Incorporating images into responsive website design

Friday, September 07, 2012 9:02 AM

Professional web designers need to be careful about incorporating an image on a responsive web page, as it might not appear as it should on all screens.

Professional web designers need to be careful about incorporating an image on a responsive web page, as it might not appear as it should on all screens.

Professional web designers need to be careful about incorporating an image on a responsive web page, as it might not appear as it should on all screens.

Responsive web design is one of the best web design solutions for optimising a site for desktop and mobile device viewing. However, professional web designers need to be careful about incorporating an image on a page, as it might not appear as it should on all screens.

"We can't expect that an image intended for a 27" display will be suitable for a 3.5" display - we'll need to provide a different image that has the same semantic meaning," web designer Matt Wilcox wrote in a June article on dev.opera.com. "A good example is a photograph of an author on a biography page; at large sizes we can use a photo of the author standing in a book store, surrounded by their books, and not lose the detail of who that author is. For a small screen, the author would become unrecognisable, so we'd want to switch to a drivers licence type head shot in order to keep the same meaning for the user."

The main issue, according to Wilcox, is between load times and graphic design. A large high-resolution image will look great on a desktop, but the image will be far too big for a smartphone and will make the page load more slowly. A smaller image would be ideal for optimal viewing on a mobile device, but that same page would lack visual appeal when seen on a desktop or laptop.

Potential responsive web image solutions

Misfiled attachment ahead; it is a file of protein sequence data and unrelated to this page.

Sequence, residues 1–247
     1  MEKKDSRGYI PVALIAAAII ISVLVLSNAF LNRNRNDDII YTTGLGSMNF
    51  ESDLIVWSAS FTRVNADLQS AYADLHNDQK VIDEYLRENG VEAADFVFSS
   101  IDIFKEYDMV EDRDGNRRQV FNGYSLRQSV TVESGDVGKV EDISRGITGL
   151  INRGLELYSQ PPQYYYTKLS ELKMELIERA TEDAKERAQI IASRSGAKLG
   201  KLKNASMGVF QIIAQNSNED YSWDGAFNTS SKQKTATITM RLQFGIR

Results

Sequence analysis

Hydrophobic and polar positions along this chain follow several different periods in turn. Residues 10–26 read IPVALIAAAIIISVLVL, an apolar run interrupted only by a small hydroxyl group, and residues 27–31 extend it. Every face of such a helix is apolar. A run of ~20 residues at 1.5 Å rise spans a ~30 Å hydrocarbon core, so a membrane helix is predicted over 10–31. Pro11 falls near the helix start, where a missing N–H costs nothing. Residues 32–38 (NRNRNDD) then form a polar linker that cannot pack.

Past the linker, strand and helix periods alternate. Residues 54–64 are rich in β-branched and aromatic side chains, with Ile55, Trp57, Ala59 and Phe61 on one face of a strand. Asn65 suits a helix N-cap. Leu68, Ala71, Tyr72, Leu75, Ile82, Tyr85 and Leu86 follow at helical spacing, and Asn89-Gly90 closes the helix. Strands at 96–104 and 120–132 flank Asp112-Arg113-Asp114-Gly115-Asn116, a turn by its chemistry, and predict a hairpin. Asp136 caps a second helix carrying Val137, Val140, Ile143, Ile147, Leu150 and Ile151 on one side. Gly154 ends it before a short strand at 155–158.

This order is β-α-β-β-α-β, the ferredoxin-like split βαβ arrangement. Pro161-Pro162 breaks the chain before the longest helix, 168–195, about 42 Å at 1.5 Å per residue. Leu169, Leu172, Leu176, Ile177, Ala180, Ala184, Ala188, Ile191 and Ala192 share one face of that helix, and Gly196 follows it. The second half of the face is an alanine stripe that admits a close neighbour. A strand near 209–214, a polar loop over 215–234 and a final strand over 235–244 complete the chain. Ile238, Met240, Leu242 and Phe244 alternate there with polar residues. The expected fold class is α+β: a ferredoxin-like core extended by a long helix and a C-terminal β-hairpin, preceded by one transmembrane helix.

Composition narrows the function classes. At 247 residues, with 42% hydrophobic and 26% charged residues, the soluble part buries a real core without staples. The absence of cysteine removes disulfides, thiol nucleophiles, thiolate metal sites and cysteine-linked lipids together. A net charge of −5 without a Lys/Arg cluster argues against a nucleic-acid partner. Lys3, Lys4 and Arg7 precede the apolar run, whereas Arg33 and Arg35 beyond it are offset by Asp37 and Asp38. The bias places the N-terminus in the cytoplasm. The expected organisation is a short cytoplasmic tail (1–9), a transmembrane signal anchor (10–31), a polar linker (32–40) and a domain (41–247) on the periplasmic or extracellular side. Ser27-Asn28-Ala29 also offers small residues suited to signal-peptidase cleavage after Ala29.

Website designer Jake Rayson wrote that professional web designers have a few options to solve this problem. An image could be formatted using an adapted images server that generates different sizes of the same image to correspond to the screen size detected. Another option can be to use the same size image, but to have a different resolution of the image appear based on the device used.

Wilcox offered additional solutions, including changing the format of a webpage from a horizontal format to a more vertical design based on the internet-enabled device and using image formats other than jpeg that are more adaptable across a variety of screens.

Regardless of the solution undertaken, corporate web design professionals should take note that any changes to make images more adaptable could yield more coding on a page, Rayson said. This can make a page load more slowly, and can sometimes yield display issues.

For now, Wilcox recommended that website designers implement an image solution that works best for the site's particular needs, as a definitive solution does not exist yet.

Division [1] Web Design is an Edmonton Website, Application and Software firm specializing in design and development since 2002.

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